I'm sure you know this already. I'm also reasonably sure that once you read that headline, you have probably gone on to other things. And that's OK. You are likely a much wiser and more well adjusted person than I am.
I missed all of the initial hubbub when Steve died. I was sitting in a hotel in New Haven, Connecticut when I was told, "Steve Jobs died."
My response was, "Really?"
"Yeah. It's on TV. Every channel."
I was sad. Not depressed or distraught. Just sad. And I could not for the life of me understand why.
I missed the news at the time because I had been reading a book on my iPad while my iPhone was charging after having used it all day for communication, navigation, information and entertainment purposes. The MacBook Pro was dutifully accepting the photos that I had taken during the day.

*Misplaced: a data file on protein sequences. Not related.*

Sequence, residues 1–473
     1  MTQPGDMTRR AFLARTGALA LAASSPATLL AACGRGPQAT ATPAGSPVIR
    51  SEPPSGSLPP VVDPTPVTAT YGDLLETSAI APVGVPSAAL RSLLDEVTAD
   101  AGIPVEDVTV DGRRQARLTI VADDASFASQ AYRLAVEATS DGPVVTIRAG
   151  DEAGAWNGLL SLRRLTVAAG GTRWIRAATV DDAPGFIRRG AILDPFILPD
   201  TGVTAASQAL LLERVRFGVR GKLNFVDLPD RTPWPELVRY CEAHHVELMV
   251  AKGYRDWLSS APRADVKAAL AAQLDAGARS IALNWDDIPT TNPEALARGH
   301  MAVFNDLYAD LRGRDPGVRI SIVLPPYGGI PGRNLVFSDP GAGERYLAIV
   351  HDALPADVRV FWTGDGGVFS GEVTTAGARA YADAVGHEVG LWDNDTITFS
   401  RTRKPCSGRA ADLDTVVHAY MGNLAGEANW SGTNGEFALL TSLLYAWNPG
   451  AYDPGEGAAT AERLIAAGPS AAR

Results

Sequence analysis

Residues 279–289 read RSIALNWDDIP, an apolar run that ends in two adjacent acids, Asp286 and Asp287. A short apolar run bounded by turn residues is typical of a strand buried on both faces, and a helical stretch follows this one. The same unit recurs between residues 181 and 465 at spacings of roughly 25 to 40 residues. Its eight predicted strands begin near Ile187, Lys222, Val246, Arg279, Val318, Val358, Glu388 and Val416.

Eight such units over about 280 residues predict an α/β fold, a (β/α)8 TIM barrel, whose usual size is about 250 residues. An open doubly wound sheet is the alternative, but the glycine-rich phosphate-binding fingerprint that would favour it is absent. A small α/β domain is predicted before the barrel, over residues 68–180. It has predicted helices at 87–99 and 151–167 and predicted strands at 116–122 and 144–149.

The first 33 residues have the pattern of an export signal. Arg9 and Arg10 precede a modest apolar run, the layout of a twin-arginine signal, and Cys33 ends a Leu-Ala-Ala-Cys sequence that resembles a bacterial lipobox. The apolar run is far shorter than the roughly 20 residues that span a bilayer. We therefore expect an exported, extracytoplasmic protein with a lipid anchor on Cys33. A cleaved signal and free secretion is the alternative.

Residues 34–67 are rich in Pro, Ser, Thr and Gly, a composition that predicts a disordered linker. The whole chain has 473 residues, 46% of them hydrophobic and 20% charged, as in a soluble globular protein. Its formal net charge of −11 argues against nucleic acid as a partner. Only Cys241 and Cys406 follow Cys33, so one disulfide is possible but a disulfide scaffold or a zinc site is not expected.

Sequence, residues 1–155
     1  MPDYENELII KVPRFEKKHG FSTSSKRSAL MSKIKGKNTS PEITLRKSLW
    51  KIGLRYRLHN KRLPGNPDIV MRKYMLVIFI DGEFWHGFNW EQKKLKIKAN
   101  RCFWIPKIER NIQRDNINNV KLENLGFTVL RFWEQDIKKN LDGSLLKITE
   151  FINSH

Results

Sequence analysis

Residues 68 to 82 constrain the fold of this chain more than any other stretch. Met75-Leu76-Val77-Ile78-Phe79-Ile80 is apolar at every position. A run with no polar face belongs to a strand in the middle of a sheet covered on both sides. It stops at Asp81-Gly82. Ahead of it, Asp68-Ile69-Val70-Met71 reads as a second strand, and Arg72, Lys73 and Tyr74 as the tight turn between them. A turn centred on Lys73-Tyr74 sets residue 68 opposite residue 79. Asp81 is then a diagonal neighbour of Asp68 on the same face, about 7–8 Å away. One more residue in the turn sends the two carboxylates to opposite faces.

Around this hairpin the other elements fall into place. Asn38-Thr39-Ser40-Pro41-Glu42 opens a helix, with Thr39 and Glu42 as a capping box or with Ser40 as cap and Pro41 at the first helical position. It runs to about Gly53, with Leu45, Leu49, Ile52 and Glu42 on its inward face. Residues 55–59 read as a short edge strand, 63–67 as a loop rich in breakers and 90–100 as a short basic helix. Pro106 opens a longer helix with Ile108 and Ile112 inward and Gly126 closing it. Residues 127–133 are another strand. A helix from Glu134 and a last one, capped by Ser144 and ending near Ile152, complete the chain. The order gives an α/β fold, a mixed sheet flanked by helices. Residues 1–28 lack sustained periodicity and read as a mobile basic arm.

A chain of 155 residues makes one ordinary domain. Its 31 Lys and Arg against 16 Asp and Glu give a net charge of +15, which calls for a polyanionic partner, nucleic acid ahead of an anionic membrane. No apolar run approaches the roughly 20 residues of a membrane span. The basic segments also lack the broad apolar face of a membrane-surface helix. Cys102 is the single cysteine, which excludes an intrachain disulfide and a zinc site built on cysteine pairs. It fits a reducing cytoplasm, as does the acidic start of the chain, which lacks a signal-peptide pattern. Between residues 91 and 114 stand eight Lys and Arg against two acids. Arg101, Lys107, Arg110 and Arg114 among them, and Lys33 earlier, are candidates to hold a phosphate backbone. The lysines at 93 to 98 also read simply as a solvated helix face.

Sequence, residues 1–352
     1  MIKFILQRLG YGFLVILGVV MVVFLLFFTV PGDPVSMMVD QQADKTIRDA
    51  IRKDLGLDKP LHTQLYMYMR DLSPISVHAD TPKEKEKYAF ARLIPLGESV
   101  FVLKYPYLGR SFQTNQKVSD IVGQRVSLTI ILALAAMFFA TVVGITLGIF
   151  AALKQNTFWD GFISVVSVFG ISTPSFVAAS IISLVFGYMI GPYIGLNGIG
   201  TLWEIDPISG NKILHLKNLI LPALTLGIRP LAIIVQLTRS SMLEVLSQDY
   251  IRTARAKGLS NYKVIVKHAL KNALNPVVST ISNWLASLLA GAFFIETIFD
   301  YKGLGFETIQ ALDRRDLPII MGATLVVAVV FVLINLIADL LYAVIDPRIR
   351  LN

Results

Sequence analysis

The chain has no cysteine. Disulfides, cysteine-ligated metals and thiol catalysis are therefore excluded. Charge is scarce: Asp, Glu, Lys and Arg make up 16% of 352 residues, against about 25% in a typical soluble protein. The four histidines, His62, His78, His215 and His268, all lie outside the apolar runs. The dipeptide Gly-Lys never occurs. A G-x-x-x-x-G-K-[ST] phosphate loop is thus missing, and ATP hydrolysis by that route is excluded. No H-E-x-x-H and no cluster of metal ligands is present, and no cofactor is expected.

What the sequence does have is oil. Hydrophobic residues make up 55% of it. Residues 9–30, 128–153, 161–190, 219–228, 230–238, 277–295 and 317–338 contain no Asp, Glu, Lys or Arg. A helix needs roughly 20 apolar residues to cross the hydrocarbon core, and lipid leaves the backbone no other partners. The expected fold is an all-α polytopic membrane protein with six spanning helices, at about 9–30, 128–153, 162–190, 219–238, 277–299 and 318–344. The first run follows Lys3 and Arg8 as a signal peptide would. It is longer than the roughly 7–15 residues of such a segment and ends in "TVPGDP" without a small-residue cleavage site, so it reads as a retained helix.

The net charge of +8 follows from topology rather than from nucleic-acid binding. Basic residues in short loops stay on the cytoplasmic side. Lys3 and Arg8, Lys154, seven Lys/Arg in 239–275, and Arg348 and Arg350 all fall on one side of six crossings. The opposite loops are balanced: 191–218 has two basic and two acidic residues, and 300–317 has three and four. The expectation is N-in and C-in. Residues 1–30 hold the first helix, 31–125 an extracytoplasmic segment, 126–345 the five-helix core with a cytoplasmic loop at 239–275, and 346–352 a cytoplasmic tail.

So just like the millions of others in the "Cult of Mac", maybe I was sad because we lost our leader.
No. I don't think that's it really.
I've read many things this morning about how Steve is the da Vinci or the Edison of our time. I understand and don't completely disagree. But I wonder if it's more than that.
Were any of the people that made such an impact recognized during their lifetimes as having such an impact? Or recognized so globally? So immediately?
I don't know. I haven't done the research. But this feels like a new thing. Like Steve was the first "giant of innovation" in our time to move on.
Maybe that explains the sadness.
It's also not about how "my CEO could beat up your CEO" or "my 'tech hero' is bigger than your 'tech hero'." People who don't care a thing about business or technology are talking about the news.
Whether you're sad or not. Whether you know why you feel the way you do or not. The fact remains. Steve Jobs died yesterday. And today the world knows it.